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Mini Case: Kristen’s Cookie Company You and your roommate are preparing to start Kristen’s Cookie Company...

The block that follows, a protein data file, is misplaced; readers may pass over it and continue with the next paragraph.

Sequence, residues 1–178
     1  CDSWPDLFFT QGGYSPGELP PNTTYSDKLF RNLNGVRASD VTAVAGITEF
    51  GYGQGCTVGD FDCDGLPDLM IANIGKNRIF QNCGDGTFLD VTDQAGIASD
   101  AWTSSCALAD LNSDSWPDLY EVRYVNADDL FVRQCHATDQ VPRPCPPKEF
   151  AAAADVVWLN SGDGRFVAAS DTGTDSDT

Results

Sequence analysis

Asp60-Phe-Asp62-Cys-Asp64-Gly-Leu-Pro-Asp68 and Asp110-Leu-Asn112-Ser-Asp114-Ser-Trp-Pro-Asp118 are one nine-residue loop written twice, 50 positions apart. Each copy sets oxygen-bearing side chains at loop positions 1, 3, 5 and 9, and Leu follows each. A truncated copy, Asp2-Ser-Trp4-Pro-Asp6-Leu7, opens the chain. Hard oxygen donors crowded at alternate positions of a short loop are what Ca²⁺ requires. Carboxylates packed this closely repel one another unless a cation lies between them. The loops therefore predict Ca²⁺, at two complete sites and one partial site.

Mini Case: Kristen’s Cookie Company You and your roommate are preparing to start Kristen’s Cookie Company in your on-campus apartment. The company will provide fresh cookies to starving students late at night. You have done a preliminary market analysis and are confident that you can charge a price that is high enough to make a good profit, but low enough to maintain reasonable demand. Business Concept Your idea is to bake fresh cookies to order, using any combination of your basic ingredients that the buyer wants. The cookies will be ready for pickup at your apartment within an hour. Several factors will set you apart from competing products such as store-bought cookies. First, your cookies will be completely fresh. You will not bake any cookies before receiving the order; therefore, the buyer will be getting cookies that are literally hot out of the oven. You have decided to sell cookies only by the dozen (although, of course, a given customer could place an order for two or more dozen cookies). Second, you will have a variety of ingredients available to add to the basic dough, including chocolate chips, M&M’s, coconut, walnuts, and raisins. Buyers will telephone in their orders and specify which of these ingredients they want in their cookies. You guarantee completely fresh cookies. In short, you will have the freshest, most exotic cookies anywhere, available right on campus. The Production Process Baking cookies is simple: mix all the ingredients in a food processor; dish the cookie dough onto a tray; put the cookies into the oven; bake them; take the tray of cookies out of the oven; let the cookies cool; and, finally, take the cookies off the tray and carefully pack them in a box. You and your roommate already own all the necessary capital equipment: one food processor, cookie trays, and spoons. Your apartment has a small oven that will hold one tray at a time. A detailed examination of the production process, which specifies how long each of the steps will take, follows. The first step is to take an order. Your roommate has already figured out how to do this quickly and with 100 percent accuracy. (Actually, you and your roommate devised a method using the campus electronic mail system to accept orders and to inform customers when their orders will be ready for pickup. Because this runs automatically on your personal computer, it does not take any of your time.) Therefore, this step will be ignored in further analysis. You and your roommate have timed the necessary physical operations. The first physical production step is "wash and mix," in which you wash out the mixing bowl from the previous batch, add all of the ingredients for the next order, and mix them in your food processor. The activities in this step take six minutes per dozen cookies. The mixing bowl can hold ingredients for slightly more than one dozen cookies. You then dish the cookies onto a cookie tray. This takes two minutes. The next step, "load and bake," which is performed by your roommate, is to put the cookies in the oven and set the thermostat and timer, which takes about one minute. The cookies bake for the next nine minutes. So total baking time is 10 minutes, during the first minute of which your roommate is busy setting the oven. Because the oven only holds one tray, a second dozen would take an additional 10 minutes to bake. Your roommate also performs the last steps of the process by removing the cookies from the oven and putting them aside to “cool” for five minutes, then carefully “packing” them in a box and accepting payment. Removing the cookies from the oven takes only a negligible amount of time, but it must be done promptly. It takes two minutes to pack each dozen and about one minute to accept payment for the order. That is the process for producing cookies by the dozen in Kristen’s Cookie Company. As experienced bakers know, a few simplifications were made in describing the actual cookie production process. For example, the first batch of cookies for the night requires preheating the oven. However, such complexities will be put aside for now. Source: Adapted from Davis, M.M, Aquilano, N.J., and Chase, R.B., 2003. Fundamentals of Operations Management, 4th ed., McGraw-Hill Irwin: Boston.